BUFFALO, N.Y. -- It’s the most expensive business project ever attempted in Buffalo.
The Tesla solar cell factory in South Buffalo cost over $750,000,000. From concept, to adjusted concept, to construction, to Thursday’s announcement that production had started, took almost four years.
Governor Cuomo and his supporters have repeatedly said this plant is a glimpse into Buffalo’s future. It is, in a sense, a monument to hope.
But in the South Buffalo neighborhood surrounding the massive 1.2-million square foot structure, not everyone is convinced the factory will mean much to them.
From the Tesla plant’s frontier, go north on South Park Avenue into Buffalo’s 1st Ward.
We found a cluster of businesses who are big fans of the factory.
“We saw rushes of construction people come in in the morning, during their lunch or on their way home from work and at night, too. It’s been great for business,” says Ty Reynolds, owner of Mazurek’s Bakery.
A block away, a former funeral home is today a coffeehouse called Undergrounds. Inside at noon, a group of four men who came in for lunch. They work at the solar cell plant.
“We’re hoping that the word of mouth from that will help create that customer base from the plant for us,” says Bridget Morris, co-owner of the cafe.
But when we wandered south of the plant, we easily found a number of people who are unimpressed with the largest solar manufacturing plant in the western hemisphere, which just happens to be in their neighborhood.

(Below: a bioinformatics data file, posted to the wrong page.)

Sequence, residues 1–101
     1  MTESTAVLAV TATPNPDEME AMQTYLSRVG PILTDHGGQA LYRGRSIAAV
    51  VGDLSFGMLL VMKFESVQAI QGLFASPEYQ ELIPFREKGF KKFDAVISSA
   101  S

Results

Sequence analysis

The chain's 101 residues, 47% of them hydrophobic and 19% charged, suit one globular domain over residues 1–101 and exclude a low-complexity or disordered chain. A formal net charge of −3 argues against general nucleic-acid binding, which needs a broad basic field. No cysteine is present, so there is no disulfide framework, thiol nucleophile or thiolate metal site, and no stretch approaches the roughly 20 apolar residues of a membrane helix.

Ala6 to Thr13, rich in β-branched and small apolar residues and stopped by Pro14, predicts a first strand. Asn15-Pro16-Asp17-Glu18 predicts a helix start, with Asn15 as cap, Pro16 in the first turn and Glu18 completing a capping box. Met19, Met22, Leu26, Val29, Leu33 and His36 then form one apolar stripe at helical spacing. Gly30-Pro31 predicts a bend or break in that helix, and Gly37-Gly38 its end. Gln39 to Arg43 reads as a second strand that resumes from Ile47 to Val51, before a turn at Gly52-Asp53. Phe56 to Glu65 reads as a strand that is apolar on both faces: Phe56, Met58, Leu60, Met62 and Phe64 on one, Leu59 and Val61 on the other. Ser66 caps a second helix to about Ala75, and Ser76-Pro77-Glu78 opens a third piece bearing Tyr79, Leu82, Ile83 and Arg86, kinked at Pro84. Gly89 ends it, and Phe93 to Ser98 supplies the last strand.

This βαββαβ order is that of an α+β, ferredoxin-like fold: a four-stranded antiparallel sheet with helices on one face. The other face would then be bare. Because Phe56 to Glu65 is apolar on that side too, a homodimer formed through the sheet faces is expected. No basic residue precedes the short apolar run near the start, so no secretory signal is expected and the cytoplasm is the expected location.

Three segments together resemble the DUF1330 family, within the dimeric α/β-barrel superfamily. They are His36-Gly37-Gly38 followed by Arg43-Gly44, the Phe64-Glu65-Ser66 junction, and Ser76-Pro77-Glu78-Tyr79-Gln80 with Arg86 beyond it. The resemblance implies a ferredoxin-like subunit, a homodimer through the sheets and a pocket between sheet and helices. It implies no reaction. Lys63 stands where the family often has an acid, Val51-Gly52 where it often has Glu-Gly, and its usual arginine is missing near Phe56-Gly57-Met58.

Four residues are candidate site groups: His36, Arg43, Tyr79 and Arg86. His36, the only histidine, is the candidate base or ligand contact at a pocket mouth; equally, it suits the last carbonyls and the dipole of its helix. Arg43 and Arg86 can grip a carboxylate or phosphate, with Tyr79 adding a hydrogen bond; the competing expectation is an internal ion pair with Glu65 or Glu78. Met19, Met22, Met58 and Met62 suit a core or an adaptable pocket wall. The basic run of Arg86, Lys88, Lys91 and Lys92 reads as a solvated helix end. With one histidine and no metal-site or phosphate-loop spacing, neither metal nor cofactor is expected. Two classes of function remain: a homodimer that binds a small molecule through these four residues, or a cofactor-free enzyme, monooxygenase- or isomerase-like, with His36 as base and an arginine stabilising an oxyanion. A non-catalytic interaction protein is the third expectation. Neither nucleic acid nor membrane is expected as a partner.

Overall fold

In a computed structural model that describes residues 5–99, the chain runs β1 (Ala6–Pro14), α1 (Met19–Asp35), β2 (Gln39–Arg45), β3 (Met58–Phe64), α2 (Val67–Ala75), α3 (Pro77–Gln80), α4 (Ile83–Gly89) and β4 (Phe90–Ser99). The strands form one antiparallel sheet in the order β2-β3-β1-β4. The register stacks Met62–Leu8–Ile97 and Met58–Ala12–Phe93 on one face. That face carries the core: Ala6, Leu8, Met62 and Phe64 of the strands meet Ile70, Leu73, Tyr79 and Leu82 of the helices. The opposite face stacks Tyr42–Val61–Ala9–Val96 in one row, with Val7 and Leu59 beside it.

None would share their thoughts on-camera. But the people we spoke with expressed their frustration that the neighborhood had been overlooked for years. Shuttered store-fronts are easy to find. Moneys for street improvements, new side walks and other upgrades have been in short supply.
There is doubt people in the neighborhood will find jobs at the plant.
Bakery owner Reynolds says he understands that sentiment.
“There’s been quite a few projects that people have talked about that were going to launch and they started or that didn’t happen at all," Reynolds said. "People are are a little leery about what may happen, but today they’re starting production. That’s a great leap forward.”
Governor Cuomo has spoken publicly about the difficulty of getting the people of Buffalo to get let go of gloomy views of the future. Many here are convinced better days lie ahead and point to the Tesla plant as proof.
Still, there are neighbors of the plant who are not ready to buy that, just yet.
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